On The Living Daylights

Don’t ask me why, but I decided to watch a James Bond film today. Maybe it was a thread on TrekBBS where I defended George Lazenby’s work on On Her Majesty’s Secret Service. Maybe it was another thread on TrekBBS about voting for Worst Bond Video Game. Maybe. I like the character–I’ve read the Flemings, the Amis, half the Gardners, half the Bensons–and my preference in the character tends toward the literary version rather than the cinematic one. But I was in the mood for Bond, have yet to liberate my collection of hardcovers from my brother’s house, so a film it had to be. The Living Daylights it was.

Why Timothy Dalton’s first (and penultimate) James Bond film? It’s the first James Bond film I saw in the theatre. And as I mentioned, my preference in the character tends toward the literary one, and Dalton, of the actors to portray Bond on screen, based his performance as Bond the most on Fleming’s literary creation. He played Bond like a cruel, cold, heartless bastard, which is how Fleming wrote the character. Dalton gives that interpretation of Bond free reign in his next film, Licence to Kill, but you can see the seeds planted here. No one really trusts Bond. He lets fly with a quip or two, but you can sense that he doesn’t mean it.

The first hour of The Living Daylights is absolutely remarkable. A compelling mystery is brought into play. Bond has to investigate to find out what’s going on, and to do that he has to resort to a great deal of subterfuge. But once the story reaches Tangier, once Bond is betrayed by the woman he’s using to find the KGB defector, the film shifts gears entirely. What had been a sober espionage drama suddenly becomes a confused mess about the Soviet invasion of Afghanistan, drug smuggling by the Muhajadeen, and finally an anti-climactic ending in a arms dealer’s private compound.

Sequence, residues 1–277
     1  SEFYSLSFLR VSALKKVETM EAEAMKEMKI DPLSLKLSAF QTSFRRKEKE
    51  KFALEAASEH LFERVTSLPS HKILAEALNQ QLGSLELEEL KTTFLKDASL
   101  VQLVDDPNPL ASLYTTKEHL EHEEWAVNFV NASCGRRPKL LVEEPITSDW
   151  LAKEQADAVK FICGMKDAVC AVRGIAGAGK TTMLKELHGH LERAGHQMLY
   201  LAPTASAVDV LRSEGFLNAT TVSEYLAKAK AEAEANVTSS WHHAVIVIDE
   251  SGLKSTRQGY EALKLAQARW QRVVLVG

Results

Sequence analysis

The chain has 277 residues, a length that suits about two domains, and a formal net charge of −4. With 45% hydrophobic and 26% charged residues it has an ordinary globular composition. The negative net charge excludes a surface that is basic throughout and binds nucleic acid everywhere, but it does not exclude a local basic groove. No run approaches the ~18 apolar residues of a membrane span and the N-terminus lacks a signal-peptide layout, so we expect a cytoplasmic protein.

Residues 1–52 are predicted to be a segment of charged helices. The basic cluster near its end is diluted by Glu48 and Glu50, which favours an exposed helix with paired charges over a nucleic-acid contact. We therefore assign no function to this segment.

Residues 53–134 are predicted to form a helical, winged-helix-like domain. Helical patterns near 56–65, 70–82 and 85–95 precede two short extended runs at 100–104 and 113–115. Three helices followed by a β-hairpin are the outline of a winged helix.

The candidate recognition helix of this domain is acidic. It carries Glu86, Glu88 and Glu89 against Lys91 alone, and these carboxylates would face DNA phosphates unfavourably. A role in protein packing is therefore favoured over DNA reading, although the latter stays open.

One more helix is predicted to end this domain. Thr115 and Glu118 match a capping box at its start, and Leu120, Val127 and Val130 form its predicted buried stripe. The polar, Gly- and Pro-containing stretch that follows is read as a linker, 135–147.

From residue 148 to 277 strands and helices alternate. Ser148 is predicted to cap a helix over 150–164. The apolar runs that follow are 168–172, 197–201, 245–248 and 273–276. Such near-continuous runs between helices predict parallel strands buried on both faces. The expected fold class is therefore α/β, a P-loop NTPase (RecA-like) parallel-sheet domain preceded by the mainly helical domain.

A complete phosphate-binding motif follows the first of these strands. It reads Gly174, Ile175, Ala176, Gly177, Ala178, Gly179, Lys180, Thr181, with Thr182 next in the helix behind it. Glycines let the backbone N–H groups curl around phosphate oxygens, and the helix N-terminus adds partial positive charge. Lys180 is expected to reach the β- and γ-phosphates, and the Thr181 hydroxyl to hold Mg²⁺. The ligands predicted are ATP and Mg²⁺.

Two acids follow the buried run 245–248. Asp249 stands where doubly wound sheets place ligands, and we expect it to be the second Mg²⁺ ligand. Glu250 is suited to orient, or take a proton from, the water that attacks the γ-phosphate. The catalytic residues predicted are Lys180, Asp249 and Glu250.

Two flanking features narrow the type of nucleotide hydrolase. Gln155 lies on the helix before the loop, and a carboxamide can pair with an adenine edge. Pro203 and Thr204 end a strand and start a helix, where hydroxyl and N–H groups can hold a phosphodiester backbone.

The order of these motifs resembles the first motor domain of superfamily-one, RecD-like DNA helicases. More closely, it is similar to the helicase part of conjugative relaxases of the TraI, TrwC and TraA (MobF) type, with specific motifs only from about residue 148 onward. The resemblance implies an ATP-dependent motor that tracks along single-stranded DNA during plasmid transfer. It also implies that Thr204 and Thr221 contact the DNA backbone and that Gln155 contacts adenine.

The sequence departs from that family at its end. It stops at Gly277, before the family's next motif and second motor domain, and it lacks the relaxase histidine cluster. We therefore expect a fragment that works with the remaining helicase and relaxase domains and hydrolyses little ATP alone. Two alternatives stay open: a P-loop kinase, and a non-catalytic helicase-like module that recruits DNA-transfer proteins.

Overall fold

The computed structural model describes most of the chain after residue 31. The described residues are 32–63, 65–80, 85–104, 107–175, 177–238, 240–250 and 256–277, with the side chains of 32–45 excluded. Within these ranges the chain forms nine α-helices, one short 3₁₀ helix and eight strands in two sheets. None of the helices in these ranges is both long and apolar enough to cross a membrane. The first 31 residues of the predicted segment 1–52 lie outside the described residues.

That the film spends time developing the relationship between Bond and Kara Milvoy, the Bond girl played by Miryam d’Abo, instead of giving us set pieces is a bold move on the part of the writer and director. d’Abo’s Kara may be the best developed Bond girl since Diana Rigg’s Tracy in On Her Majesty’s Secret Service. I could believe that Kara would have feelings for Bond, feelings that Bond could reciprocate. That said, it’s fairly clear to me that, up until the final scenes, there’s some doubt in Kara’s mind about whether or not she’s simply being used by Bond as the story progresses, and that, too, is in keeping with Fleming’s conception of Bond and Dalton’s literary interpretation of the character.

Suffice to say, I liked The Living Daylights. It’s not without its problems–it has one of the worst Felix Leiters in the franchise–but it has its strengths in the right places. It has a story, even if it goes a little fuzzy at the hour mark. It has solid performances in Dalton and d’Abo. It could be stronger in the Bond villain department–even at the end the film can’t decide who the villain of the piece is. Despite the few weaknesses, I do like this film and consider it underrated. Maybe not an underrated classic, but it holds its own with the Connery-era.

The Living Daylights made me appreciate how deprived we’ve been of Dalton’s fine portrayal of Her Majesty’s secret servant. Dalton’s two films weren’t enough. I wouldn’t wish for Dalton in GoldenEye, even though the film was written for him, because I like the work Pierce Brosnan did in GoldenEye and beyond. He made for a damn fine Bond, cold and calculating, grim and determined, and I wouldn’t want to meet his Bond in a darkened alleyway.